That’s right. Turns out, if you take Warren’s rant seriously (and people do) then "It's no longer, 'It takes a village' but, 'This village xxxxin' OWNS you!'" Got that, you worm!

Nasty, huh. Read on here for more.  And watch him here on PJTV:

And, you know, for all its obscenity you don’t just hear Warren’s argument from the left. You hear it from the hippies of the right every time they talk about inventions and patents…

PS: Oh, here’s Peter Schiff:

A word on drug legalisation from Milton Friedman et al

A word on drug legalisation from ACT hero Milton Friedman …

and Thomas Sowell…

and John Stossel …

… and some former policemen and correction officers…

Good people all, and not a dreadlock between them—although there’s a lot of experience, at least one Nobel Prize, and a great deal of good, hard common sense.

Oh, but you think the War on Drugs is “all about the kids”?  Really? Well, here’s another former policeman with five ways the Drug War hurts the kids.

So why not take some time to consider what they have to say?

Doug Casey: How to Prepare For When Money Dies

Guest post this morning courtesy of Casey Research: an eye-opening interview with renowned speculator Doug Casey, conducted by Karen Roche and JT Long of The Gold Report. Doug explains why fiat currencies around the world are destined for collapse, whether the US dollar or Euro might lead it … and what investors can, and should, do to protect themselves.  

Doug Casey

The Gold Report: You've been talking about two ticking time bombs. One is the trillions of dollars owned outside the U.S. that investors could dump if they lose confidence. And the other is the trillions of dollars within the U.S. that were created to paper over the crisis that started in 2007. Are these really explosive circumstances that will bring catastrophic results? Or will it just result in a huge, but manageable, hangover?
Doug Casey: Both, but in sequence. One thing that's for sure is that although the epicenter of this crisis will be the U.S., it's going to have truly worldwide effects. The U.S. dollar is the de jure national currency of at least three other countries, and the de facto national currency of about 50 others. The main U.S. export for many years has been paper dollars; in exchange, the nice foreigners send us Mercedes cars, Sony electronics, cocaine, coffee—and about everything you see on Walmart shelves. It has been a one-way street for several decades, a free ride—but the party's over.
    Nobody knows the numbers for sure, but foreign central banks, and individuals outside the U.S., own U.S. dollars to the tune of something like $6 or $7 trillion. Especially during the recent crisis, the Fed created trillions more dollars to bail out the big financial institutions. At some point, foreign dollar holders will start dumping them; they are starting to realize this is like a game of Old Maid, with the dollar being the Old Maid card. I don't know what will set it off, but the markets are already very nervous about it. This nervousness is demonstrated in gold having hit $1,900 an ounce, copper at all-time highs, oil at $100 a barrel—the boom in commodity prices.
    Some countries are already trying to get out of dollars, but it could become a panic if the selling goes from a trickle to a flood. So, yes, it's a time bomb waiting to go off, or maybe a landmine waiting to be stepped on. If a theatre catches fire and one person runs out, soon everybody rushes toward the door and they all get trampled. It's a very serious situation.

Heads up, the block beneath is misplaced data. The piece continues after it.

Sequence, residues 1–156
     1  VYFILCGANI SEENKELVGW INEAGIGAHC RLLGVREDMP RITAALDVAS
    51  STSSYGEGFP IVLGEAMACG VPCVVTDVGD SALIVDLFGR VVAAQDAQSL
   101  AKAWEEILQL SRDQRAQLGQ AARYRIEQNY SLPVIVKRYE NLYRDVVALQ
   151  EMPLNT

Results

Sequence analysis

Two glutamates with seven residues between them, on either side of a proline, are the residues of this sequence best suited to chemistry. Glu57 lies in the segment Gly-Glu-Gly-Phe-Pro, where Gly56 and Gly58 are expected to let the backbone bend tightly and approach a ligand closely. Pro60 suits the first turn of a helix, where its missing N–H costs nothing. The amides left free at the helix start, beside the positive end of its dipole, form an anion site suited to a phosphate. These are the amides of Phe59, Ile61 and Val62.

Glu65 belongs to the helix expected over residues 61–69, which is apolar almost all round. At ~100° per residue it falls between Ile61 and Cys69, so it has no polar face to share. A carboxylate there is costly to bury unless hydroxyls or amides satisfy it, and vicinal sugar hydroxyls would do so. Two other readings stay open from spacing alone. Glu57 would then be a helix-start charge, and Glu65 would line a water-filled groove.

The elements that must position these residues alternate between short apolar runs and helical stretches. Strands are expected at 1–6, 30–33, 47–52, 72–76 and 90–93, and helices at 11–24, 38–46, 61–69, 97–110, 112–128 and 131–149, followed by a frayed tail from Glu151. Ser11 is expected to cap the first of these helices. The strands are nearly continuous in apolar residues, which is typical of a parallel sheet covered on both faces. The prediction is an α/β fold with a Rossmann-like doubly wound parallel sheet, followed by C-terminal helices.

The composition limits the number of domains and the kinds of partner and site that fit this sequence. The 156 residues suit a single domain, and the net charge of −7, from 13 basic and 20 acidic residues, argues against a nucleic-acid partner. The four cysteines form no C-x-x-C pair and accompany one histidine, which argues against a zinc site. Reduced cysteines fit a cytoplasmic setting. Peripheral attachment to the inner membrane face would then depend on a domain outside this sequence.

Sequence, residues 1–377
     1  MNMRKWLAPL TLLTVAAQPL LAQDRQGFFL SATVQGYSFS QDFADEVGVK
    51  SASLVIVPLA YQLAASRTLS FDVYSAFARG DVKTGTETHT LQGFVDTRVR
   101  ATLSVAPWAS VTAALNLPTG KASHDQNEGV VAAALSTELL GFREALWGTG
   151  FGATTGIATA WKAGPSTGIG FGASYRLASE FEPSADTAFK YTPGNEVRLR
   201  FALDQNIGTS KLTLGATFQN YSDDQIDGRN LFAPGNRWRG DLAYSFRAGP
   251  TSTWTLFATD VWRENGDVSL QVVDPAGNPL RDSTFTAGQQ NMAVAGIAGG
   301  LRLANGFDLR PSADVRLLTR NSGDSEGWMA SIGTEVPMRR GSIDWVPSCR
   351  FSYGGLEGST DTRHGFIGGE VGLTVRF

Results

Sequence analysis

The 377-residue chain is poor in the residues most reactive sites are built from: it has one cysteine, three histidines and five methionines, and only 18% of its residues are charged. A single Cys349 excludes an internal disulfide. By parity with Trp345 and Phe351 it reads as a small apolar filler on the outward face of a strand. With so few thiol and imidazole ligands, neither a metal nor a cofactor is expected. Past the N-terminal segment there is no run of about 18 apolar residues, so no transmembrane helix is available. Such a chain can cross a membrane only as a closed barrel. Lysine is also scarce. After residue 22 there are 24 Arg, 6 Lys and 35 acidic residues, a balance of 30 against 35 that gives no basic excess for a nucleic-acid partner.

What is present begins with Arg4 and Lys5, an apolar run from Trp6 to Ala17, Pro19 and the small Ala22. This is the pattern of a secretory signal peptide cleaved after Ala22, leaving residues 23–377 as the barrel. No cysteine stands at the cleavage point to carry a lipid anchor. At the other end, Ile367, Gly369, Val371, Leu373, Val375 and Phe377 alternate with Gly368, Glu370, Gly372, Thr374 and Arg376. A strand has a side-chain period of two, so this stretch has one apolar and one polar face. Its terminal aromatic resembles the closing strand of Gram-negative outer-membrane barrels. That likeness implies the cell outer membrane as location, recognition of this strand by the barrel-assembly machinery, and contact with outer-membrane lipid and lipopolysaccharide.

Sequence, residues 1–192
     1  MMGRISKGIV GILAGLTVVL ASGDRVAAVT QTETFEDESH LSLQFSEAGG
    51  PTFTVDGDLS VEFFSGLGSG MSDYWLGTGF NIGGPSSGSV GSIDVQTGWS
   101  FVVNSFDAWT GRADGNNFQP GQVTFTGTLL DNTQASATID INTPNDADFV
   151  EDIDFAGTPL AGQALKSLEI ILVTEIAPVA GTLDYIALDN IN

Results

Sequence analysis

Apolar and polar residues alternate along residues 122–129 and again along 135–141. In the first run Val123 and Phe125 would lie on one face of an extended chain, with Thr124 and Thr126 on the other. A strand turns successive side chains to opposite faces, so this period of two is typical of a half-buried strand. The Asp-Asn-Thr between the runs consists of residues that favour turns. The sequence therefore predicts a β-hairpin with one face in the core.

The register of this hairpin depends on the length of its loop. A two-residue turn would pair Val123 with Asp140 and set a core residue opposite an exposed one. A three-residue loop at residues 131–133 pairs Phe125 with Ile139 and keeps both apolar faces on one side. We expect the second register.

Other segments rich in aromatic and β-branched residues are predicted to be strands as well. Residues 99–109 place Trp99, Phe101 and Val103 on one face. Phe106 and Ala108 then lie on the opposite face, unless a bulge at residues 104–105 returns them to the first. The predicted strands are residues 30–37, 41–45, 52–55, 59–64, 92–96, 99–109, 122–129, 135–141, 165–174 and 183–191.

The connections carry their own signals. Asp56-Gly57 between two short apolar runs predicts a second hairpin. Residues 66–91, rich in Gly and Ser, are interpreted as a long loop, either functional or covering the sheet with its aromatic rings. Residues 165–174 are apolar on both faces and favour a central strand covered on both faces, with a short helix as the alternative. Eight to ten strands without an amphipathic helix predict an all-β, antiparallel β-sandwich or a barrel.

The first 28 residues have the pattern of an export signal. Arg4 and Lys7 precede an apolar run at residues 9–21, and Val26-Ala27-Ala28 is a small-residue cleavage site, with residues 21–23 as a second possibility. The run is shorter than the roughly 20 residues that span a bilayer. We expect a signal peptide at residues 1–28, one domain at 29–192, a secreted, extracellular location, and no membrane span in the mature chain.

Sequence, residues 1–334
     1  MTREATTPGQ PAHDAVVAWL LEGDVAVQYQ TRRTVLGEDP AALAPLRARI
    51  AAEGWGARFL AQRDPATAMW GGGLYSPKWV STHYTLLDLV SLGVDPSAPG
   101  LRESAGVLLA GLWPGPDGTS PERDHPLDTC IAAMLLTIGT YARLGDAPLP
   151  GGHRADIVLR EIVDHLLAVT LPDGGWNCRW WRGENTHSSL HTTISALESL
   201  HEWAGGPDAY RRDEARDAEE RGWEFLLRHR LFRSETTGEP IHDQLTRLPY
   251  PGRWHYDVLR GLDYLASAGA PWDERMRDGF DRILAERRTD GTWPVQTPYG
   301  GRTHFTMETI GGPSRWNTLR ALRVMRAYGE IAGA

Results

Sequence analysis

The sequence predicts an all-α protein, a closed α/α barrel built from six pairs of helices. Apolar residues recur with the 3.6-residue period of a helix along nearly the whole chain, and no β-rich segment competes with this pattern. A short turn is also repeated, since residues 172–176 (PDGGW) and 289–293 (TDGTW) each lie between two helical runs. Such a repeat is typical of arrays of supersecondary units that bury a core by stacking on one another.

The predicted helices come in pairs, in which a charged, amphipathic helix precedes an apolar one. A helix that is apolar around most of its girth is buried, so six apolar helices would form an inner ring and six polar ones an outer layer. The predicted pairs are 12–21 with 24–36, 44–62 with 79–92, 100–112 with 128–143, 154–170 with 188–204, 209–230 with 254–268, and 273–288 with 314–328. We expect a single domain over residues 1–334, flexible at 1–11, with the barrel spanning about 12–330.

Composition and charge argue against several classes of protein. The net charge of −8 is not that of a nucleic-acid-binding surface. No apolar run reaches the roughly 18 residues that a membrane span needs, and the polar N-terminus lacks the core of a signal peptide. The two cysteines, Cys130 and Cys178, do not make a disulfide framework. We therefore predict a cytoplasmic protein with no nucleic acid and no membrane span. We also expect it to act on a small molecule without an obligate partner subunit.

TGR: If panic erupts on the U.S. dollar, would products manufactured in the U.S. become super-cheap or super-expensive?
DC: They would become super-cheap. Everybody says that devaluing the dollar will stimulate U.S. industry because the products will become cheaper and foreigners will buy them. This is a huge canard everybody repeats and nobody thinks about. Yes, it is true for a while, but if devaluation were the key to prosperity, Zimbabwe should be the most prosperous country in the world as it has already collapsed its currency.
    A strong currency is essential for a strong economy. Sure, a strong currency can hurt exporters for a while. But, a strong currency encourages manufacturers to invest in technology, and become more efficient. It rewards savings and results in the growth of capital that's critical for prosperity. A strong currency allows businessmen to buy foreign companies and technologies at bargain prices. It results in a high standard of living for the country, and yields social stability as a bonus. The idea that decreasing the value of currency to stimulate exports is a short-lived, stupid and counterproductive solution to the problem. People seem to forget that while the German currency was rising about sixfold from its level of 1971, and the Japanese yen about fourfold, those countries became the world's greatest export economies. It didn't happen despite a strong currency, but in large measure because of it.

TGR: Given that the U.S. is the world's biggest consuming nation, wouldn't fleeing the dollar create a big consumer vacuum in the international community? Doesn't the rest of the world want to keep up the high level of exports to these U.S. consumers?
DC: That's exactly why the U.S. is in such trouble; it's idiotically focused on consumption, while only production can create prosperity. The world doesn't need to stimulate consumption. This is another canard, because everybody has an infinite desire for goods and services. I know for myself, I'd like not just a car, but 10 Ferraris, a couple of Gulfstreams and 10 houses around the world. So, by myself, I have an infinite desire for goods and services. Multiply that by 7 billion other people. The only way to gratify those desires is by producing enough to trade with other people to give you what you want. When so-called "economists" think the problem is that we don't have enough consumption, that shows that the profession itself is bankrupt. It's actually quite embarrassing.